Riley the Growling Dog
By Adrian Snider
Rationale: This lesson will help in teaching students identify /r/, which is the phoneme for R. Students will learn how to identify /r/ in spoken words. A meaningful representation of a dog with it's teeth showing will be presented to the students to help them remember the phoneme /r/. Students will practice finding /r/ in words, and also use phoneme awareness to make a distinction of the /r/ phoneme in rhyming words.
Materials: Primary paper, pencils, chart with "Roger Rabbit ran around the tree", Marley and the Runaway Pumpkin, word cards with RED, RAN, HOSE, RIP, ROW, HEAD, assessment worksheets, picture with /r/.
1. Say: Every time you say the sound of a certain letter, your mouth moves in a specific way. Today we are going to learn how your mouth moves when you say the sound for the letter R. /r/ sounds like the growling noise that a dog makes when it is angry. We are also going to learn what the letter R looks like and how to write it.
2. The letter R looks like this (hold up letter card), like a D with sticks holding it up. Now lets all make the sound of a growling dog, and while doing this hold up your hands and clinch them so that you look like an angry dog. Notice when you make the /r/ your tongue curls to the roof of your mouth and your voice box is on.
3. Now I am going to show you how to find /r/ in the word green. I am going to say the word green very slowly and I want you all to listen and tell me if you hear the growling dog sound. Gggg-rrrrrr-eeeeeee-nnnn. Ggg-r-r-r-r-eee-n. Did you hear it? I felt my tongue curl go to the roof of my mouth. I can hear the angry growling dog in green.
4. Now we are going to try the tongue twister on the chart. "Roger Rabbit ran around the tree." Lets all say it three times together. Now lets say it again and stretch out the /r/ in every word. "RRRRoger RRRRabbit RRRan aRRRound the tRRRee. Now this time lets say the /r/ sound separate from the rest of the word. "/r/ oger /r/ abbit /r/ an a/r/ound the t/r/ee.
5. Now lets take a sheet of primary paper and a pencil. Capital R looks like a D with sticks holding it up. We are going to practice writing lowercase r. First start at the fence and go down straight down to the sidewalk. Then re-trace your line going from the sidewalk back up to the fence. Next, you will make a sideways 'c' shaped hook. I am going to come around to check your 'r', and after I check yours make 9 more just like your first 'r'.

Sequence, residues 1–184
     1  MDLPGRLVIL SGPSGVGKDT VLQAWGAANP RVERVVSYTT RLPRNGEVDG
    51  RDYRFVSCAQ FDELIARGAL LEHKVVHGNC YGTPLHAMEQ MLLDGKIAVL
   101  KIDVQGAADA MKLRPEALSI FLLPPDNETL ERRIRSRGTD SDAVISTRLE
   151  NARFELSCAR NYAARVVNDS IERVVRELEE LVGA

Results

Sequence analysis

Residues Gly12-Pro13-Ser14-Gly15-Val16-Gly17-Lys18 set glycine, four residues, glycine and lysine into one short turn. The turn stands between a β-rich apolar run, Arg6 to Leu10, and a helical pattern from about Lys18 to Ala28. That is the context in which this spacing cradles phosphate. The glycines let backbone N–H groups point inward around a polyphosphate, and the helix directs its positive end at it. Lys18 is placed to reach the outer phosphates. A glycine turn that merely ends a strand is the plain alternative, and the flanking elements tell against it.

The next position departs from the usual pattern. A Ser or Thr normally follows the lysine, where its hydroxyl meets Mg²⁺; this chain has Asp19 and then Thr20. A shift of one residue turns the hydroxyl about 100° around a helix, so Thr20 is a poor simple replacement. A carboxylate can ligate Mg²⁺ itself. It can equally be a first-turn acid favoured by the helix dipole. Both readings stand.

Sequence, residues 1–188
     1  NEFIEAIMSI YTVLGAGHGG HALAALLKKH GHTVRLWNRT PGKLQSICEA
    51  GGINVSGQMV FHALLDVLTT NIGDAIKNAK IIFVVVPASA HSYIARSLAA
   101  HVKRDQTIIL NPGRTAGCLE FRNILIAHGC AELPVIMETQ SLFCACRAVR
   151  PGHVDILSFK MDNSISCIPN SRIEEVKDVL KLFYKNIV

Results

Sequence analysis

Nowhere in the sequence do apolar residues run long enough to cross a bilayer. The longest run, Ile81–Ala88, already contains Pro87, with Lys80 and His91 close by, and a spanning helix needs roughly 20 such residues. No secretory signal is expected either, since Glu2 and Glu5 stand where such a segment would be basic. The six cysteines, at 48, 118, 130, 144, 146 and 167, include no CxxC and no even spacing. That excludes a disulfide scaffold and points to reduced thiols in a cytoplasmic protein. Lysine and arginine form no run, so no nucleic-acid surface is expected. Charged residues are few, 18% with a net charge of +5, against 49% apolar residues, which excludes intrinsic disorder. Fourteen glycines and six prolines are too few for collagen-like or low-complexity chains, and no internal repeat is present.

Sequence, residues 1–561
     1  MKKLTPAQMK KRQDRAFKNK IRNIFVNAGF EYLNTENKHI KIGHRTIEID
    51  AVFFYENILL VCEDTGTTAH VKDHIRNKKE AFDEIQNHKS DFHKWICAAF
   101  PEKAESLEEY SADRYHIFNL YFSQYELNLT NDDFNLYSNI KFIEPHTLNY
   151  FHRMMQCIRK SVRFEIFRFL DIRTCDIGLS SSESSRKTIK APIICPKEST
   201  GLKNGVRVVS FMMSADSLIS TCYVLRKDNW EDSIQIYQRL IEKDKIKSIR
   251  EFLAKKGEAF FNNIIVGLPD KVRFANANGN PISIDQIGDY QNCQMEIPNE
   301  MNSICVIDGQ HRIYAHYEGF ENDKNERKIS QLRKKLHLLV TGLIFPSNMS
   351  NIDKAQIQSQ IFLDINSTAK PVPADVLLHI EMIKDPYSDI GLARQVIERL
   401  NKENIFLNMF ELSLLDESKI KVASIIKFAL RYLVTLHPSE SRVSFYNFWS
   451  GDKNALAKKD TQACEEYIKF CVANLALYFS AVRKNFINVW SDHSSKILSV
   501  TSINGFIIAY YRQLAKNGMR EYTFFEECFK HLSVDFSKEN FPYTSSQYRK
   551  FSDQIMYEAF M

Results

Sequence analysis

6. Ask students: Do you hear /r/ in blue or red? Rose or Lilly? Run or walk? Green or yellow? Road or Lane? Now lets see if you can spot the mouth move to make the /r/ sound in words. Whenever you hear /r/ hold your hands up like an angry growling dog: Ruth, and, Rachel, ran, after, Richard's, rabbit, in, the, rain.
7. Now I am going to read you the book Marley and the Runaway Pumpkin. Every time you hear /r/ I want you to make the growling motion with your hands like we have practiced.
Book talk: In this book, a family is growing a big pumpkin to bring to the fair. They are trying to win a prize for the biggest pumpkin. While the family is loading the pumpkin on to the truck and getting ready to take the pumpkin to the fair, Marley breaks free from his leash and tries to help. The pumpkin goes rolling out of the truck. You will have to read the rest of the story to see if the family is able to save the pumpkin!
Write some of the /r/ words the students hear on the board.
8. Show the students RED and model how to decide if the word is red or led. The R lets me know it is like the growling dog /r/. So the word is rrr-ed, red. Now you try some, tell me which you hear /r/ in: RAN: Ran or Fan? HOSE: Hose or Rose? RIP: Rip or Sip? ROW: Row or Flow? HEAD: Read or Head?
9. For assessment: Have students complete a worksheet. On the worksheet they will write the letter 'R' (upper and lowercase )and /r/ words. Then they will color pictures that begin with the letter 'r'. Call the students over to individually read the words from step 8.
Murray, Geralyn: "Brush
Your Teeth with F"
Smith, Blair: "The Race to Catch R!" http://www.auburn.edu/%7Ebms0009/bsmithel.html
Hill, Susan, John Grogan, and Lydia Halverson. Marley and the Runaway Pumpkin. New York: Harper, 2010. Print.
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